StPetersburgParadox - Daniel Bernoulli and the St....

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Unformatted text preview: Daniel Bernoulli and the St. Petersburg Paradox A L TEX file: StPetersburgParadox — Daniel A. Graham, June 19, 2005 Suppose you are offered the chance to play the following game. A fair coin will be tossed until a head appears. If a head occurs for the first time on the nth toss then you will be paid 2 n dollars. How much would you be willing to pay to play this game? The St. Petersburg Paradox is that although the expected value of the payoff is infinite, 2 1 (1/2)1 + 22 (1/2)2 + · · · = 1 + 1 + · · · = ∞, no one seems to be willing to pay anything approaching this sum to play this game. Daniel Bernoulli’s resolution of the paradox was to suppose that utility is not linear in the payoff but, instead, strictly concave, e.g., ln(x). What certain payoff, c , would an individual with such a “Bernoulli” utility function regard as equivalent to the St. Petersburg lottery? This c would have to solve ∞ (1/2)i ln(2i ) ln(c) = i=1 = ∞ i=1 i/2i ln(2) = 2 ln(2) = ln(4) and thus c = 4 — a rather modest value to place upon the infinite expectation. Page 1 of 1 ...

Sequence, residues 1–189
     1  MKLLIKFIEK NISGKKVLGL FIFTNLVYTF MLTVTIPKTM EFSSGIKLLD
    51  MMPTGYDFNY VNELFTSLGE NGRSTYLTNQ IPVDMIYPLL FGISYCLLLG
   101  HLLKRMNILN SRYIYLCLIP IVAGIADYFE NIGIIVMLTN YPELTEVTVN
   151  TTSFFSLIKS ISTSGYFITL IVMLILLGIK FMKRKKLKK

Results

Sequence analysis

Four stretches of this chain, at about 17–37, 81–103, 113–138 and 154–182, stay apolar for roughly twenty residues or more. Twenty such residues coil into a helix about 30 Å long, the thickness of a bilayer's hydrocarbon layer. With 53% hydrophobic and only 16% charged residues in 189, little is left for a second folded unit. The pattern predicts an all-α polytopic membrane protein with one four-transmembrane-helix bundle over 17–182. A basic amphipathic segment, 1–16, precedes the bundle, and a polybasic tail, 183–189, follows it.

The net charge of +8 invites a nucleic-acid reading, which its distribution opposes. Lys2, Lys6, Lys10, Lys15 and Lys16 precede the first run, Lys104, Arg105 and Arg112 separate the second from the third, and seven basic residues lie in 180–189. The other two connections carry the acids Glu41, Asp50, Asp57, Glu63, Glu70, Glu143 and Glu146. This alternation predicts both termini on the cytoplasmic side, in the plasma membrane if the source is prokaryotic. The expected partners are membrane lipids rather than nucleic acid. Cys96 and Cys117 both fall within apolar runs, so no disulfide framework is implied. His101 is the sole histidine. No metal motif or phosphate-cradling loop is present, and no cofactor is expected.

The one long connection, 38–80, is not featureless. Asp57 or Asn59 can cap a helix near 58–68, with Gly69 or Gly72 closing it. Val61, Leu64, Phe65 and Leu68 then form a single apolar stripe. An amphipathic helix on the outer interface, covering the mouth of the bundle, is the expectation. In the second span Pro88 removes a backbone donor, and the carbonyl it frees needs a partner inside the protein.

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This document was uploaded on 10/20/2011.

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